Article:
BY TAXPAYERS FOR COMMON SENSE – Congressional leadership is busy trying to figure out how to squeeze more funding into this year’s budget. But concerns about the deficit are giving lawmakers pause before they spend tens of billions more in fiscal year 2010.
An annual rite of passage, the supplemental spending bill for years has been propelled by the need for additional cash for the wars in Afghanistan and Iraq. It’s well past time for this funding to be included in the regular budget so we don’t have to go through this rigmarole year after year. The must pass nature of these supplementals make them a honey pot for all sorts of pet initiatives, driving up the cost.
After some skirmishes, the Senate passed a bill (See Chairman Inouye May 24 Floor Statement) that is largely clean, totaling $59 billion, which includes $40 billion of war-related spending (Defense and State Departments), $13 billion in mandatory spending for Vietnam veterans exposed to Agent Orange, and $5 billion for disaster relief.
The Defense Department wanted the additional funds before Memorial Day. Now, Secretary Gates has indicated they have to have the funds by the 4th of July recess or he will have to do “stupid things” to keep DOD afloat.
But things have gotten bogged down in the House. Back in late May, Appropriations Committee Chairman David Obey (D-WI) announced a bill that included the items in the more recent Senate version, but also added $23 billion to fund teachers and another $1.7 billion for police and firefighters. There was also more than $5 billion for additional Pell education grants. There was a litany of other non-emergency spending. For example, the bill dumped an additional $18 billion (half of which is slated for default-prone nuclear reactors) into a largely untapped $50 billion energy loan guarantee program.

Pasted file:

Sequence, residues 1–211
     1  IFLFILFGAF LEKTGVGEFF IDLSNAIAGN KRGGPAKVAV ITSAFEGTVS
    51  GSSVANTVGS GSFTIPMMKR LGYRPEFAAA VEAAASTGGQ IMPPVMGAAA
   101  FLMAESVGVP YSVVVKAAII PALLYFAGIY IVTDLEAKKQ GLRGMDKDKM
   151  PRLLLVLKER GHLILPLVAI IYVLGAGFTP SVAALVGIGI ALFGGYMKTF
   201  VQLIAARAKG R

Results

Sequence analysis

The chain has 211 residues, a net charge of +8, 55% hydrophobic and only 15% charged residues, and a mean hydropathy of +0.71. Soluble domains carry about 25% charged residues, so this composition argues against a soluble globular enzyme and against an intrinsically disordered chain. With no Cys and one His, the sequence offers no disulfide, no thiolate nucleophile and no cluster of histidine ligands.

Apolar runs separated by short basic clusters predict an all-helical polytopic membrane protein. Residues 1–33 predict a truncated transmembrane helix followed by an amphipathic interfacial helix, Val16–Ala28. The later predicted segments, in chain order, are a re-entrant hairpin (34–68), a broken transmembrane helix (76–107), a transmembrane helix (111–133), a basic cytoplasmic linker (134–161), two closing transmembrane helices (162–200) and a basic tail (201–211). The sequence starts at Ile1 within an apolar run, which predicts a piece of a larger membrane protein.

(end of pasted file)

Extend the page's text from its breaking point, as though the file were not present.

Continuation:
The administration has been complicating the situation. They wanted the energy loan guarantees to be added and most recently demanded that the $23 billion Education Jobs Fund be included in the package. But the president forgot to include an offset with his demand, which has left House Democrats in budgetary pickle. Reportedly, the cost has been whittled down to $10 billion, but that’s still a reach.
As the November elections approach, lawmakers are hearing deficit footsteps and are wary of adding to the vat of red ink by tacking on tens of billions in new spending. After months at a dull roar, the chorus to tap unspent stimulus funds as an offset is growing, while some argue that every dime of stimulus money should be spent as originally intended. But in reality, budgeting is about priorities, and you can’t have everything.
If forestalling teacher layoffs is a critical issue for the administration, then shaking the stimulus couch cushions for a few billion lying around shouldn’t be such a hard decision. Avoiding layoffs is stimulative. And considering a year and a half has gone by since the stimulus passed, shifting funding to teachers would just reflect updated priorities by providing further support in a shaky economy.
But this debate also raises another issue. In part because the federal government can run a budget deficit – most states cannot – Uncle Sam has been sending billions to the states to help with their budgetary challenges. At some point, the gravy train has to stop, and states need to balance their own books. Like the college graduate living in the parent’s basement, the time will come in the not too distant future when states will have to move on and give up the federal allowance.
It’s time to get the supplemental spending bill done. Congress and the administration should offset any extra spending with real cuts elsewhere. And it shouldn’t be too much to ask to adequately budget for these so-called emergency items in the pending FY2011 spending bills so we don’t find ourselves in the exact same spot a year from now.